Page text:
Fight World Hunger: Eat Insects, UN Recommends

May 13, 2013

UN urges people to eat insects to fight world hunger

BBC explains:

 Eating more insects could help fight world hunger, according to a new UN report.

The report by the UN Food and Agriculture Organization says that eating insects could help boost nutrition and reduce pollution.

It notes than over 2 billion people worldwide already supplement their diet with insects.

However it admits that “consumer disgust” remains a large barrier in many Western countries.

Well, that’s where central banks come in: after all the whole point of central-planning is that a few Princeton, Harvard or MIT professors think they can change wholesale human behavior using a few simple stimuli here and there. And if they can succeed in getting Joe Sixpack (or Johnny 5) to buy AMZN at a N/M forward multiple believing it is cheap, then eating insects will be the least of our worries before all this is said and done.

 Wasps, beetles and other insects are currently “underutilised” as food for people and livestock, the report says. Insect farming is “one of the many ways to address food and feed security”.

“Insects are everywhere and they reproduce quickly, and they have high growth and feed conversion rates and a low environmental footprint,” according to the report.

The authors point out that insects are nutritious, with high protein, fat and mineral content.

They are “particularly important as a food supplement for undernourished children”.

Insects are also “extremely efficient” in converting feed into edible meat. Crickets, for example, need 12 times less feed than cattle to produce the same amount of protein, according to the report.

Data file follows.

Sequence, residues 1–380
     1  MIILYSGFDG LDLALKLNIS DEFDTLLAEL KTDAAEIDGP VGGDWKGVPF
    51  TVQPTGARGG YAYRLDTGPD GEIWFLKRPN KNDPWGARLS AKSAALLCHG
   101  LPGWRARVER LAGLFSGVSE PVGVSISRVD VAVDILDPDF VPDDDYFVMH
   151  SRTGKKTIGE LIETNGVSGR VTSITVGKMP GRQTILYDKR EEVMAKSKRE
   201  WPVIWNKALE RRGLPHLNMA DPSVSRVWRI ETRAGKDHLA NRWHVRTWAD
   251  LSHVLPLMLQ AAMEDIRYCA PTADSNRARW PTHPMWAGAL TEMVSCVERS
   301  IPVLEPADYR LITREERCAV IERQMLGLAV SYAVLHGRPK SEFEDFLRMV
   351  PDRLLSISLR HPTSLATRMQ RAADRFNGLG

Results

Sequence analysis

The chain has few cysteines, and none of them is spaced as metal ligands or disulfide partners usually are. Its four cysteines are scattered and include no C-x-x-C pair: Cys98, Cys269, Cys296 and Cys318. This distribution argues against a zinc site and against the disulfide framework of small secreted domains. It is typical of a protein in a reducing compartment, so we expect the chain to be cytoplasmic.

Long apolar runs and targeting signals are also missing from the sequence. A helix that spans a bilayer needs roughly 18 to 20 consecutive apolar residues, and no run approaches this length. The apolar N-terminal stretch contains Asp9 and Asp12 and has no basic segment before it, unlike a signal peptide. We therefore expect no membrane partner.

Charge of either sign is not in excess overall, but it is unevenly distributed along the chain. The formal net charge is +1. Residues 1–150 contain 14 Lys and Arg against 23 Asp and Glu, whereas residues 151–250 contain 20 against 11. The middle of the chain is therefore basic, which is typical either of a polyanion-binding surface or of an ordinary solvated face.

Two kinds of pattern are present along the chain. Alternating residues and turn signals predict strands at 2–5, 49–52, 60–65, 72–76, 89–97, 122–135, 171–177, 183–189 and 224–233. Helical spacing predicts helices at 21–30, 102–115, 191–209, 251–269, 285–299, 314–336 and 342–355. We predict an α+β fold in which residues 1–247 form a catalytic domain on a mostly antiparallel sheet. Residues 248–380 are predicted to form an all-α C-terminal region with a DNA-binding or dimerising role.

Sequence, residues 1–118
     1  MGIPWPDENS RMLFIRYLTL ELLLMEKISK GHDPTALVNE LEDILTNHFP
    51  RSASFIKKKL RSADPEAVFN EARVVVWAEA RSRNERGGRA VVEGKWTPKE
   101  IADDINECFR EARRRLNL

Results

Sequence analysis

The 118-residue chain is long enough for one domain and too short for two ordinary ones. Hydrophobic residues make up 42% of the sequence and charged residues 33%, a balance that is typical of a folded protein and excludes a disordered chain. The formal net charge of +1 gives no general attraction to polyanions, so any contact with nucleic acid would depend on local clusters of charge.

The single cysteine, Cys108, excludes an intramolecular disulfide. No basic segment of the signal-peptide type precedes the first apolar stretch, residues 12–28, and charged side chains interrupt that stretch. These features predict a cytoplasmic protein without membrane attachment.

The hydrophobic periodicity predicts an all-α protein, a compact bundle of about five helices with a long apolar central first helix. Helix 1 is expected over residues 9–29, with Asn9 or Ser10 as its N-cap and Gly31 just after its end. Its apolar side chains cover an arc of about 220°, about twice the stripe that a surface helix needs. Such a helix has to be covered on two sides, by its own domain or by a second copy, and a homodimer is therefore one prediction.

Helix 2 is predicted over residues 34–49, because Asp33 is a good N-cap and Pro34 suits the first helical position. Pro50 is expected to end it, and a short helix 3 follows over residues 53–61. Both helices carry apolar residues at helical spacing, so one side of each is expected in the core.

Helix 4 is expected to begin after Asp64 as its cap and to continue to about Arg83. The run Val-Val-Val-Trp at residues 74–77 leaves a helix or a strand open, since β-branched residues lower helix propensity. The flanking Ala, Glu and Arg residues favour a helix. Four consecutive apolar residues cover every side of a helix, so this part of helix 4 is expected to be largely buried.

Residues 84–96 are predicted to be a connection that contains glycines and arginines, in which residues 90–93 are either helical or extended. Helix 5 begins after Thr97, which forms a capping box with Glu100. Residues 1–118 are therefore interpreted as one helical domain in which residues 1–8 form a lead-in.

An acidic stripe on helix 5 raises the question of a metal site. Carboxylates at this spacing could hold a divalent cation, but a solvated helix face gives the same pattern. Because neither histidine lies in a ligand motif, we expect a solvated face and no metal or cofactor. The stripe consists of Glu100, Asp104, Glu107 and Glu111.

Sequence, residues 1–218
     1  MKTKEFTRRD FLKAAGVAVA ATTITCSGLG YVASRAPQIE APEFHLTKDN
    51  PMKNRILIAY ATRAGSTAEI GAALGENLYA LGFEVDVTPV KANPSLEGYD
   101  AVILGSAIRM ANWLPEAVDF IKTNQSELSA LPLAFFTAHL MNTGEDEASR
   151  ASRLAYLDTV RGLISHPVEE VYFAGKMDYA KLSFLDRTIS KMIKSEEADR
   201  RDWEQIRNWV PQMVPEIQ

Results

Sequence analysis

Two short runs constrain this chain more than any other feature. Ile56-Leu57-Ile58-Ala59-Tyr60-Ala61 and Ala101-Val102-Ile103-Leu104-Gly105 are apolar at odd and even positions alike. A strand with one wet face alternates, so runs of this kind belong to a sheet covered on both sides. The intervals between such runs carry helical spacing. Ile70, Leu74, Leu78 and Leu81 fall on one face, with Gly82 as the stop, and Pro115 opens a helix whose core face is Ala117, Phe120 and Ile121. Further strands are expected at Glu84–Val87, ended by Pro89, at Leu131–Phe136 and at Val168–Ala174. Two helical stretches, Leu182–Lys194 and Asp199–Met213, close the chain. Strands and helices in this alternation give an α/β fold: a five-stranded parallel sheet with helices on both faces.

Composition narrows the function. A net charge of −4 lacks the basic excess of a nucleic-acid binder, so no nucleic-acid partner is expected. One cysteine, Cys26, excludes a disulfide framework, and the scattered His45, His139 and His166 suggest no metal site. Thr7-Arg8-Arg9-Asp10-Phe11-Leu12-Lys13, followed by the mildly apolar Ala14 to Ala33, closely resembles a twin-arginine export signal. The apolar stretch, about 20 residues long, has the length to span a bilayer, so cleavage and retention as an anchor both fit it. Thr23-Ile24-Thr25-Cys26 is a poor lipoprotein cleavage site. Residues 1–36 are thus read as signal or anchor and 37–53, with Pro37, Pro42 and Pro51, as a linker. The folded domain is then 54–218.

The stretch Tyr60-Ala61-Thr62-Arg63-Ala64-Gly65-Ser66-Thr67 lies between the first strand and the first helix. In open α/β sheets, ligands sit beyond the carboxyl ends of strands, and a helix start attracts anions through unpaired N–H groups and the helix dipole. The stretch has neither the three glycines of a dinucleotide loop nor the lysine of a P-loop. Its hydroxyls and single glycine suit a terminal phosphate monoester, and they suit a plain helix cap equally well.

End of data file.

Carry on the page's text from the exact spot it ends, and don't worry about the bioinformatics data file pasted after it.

More brilliance: “raise the status of insects”

The report suggests that the food industry could help in “raising the status of insects” by including them in new recipes and adding them to restaurant menus.

It goes on to note that in some places, certain insects are considered delicacies.

For example some caterpillars in southern Africa are seen as luxuries and command high prices.

Most edible insects are gathered in forests and serve niche markets, the report states.

And so on.

Tasty, better for you than those nasty ole cows and pigs. Nothing better to go with your tall cool one than a nicer salty roach


Figures. Cambodian First Lady Gives Obama the Servant Greeting

November 23, 2012

Turd World President visit the turd world and gets greeted like a towel boy….

The First Lady of Cambodia greeted Barack Obama like he was a towel boy.

And, of course, our clueless president thought it was ‘cool.’

Investor’s Business Daily reported:

So amid all the colorful and flirty photos from President Obama’s first tour of Southeast Asia, what did he actually accomplish? As usual, he served himself politically in what was largely a Potemkin mission abroad.

It was obvious enough from the rubelike gaffes that the president hasn’t been particularly interested or attentive to the affairs of Thailand, Burma or Cambodia as he made his first trip since his re-election. It was pretty much all style over substance…

…On his trip to Cambodia, a country he claimed didn’t deserve a visit due to its strongman government, first lady Bun Rany greeted Obama with a traditional “sampeah” pressed-hands greeting reserved for servants, a little dig that was probably lost on him but not to Asians.

They told me that if I voted for Mitt Romney the president would embarrass me overseas, and they were right!


Super-Sized Snake

August 15, 2012

Burmese python … A non-native snake in the Everglades. The FWF Department in Florida, because of the damage the snakes do, have a kill order against these snakes.

A Burmese python found in Florida set records as the largest such snake ever captured in the state of Florida at 17-feet, 7-inches and the most prolific reproducer carrying a record load of 87 eggs, according to researchers.

The snake was captured and killed, by department personnel, it was later dissected for study. The snake was caught in April 2012, and held for study since them.

The previous Florida record setters were a 16-foot, 8-inch python and 85 eggs. Video … That’s one huge snake.


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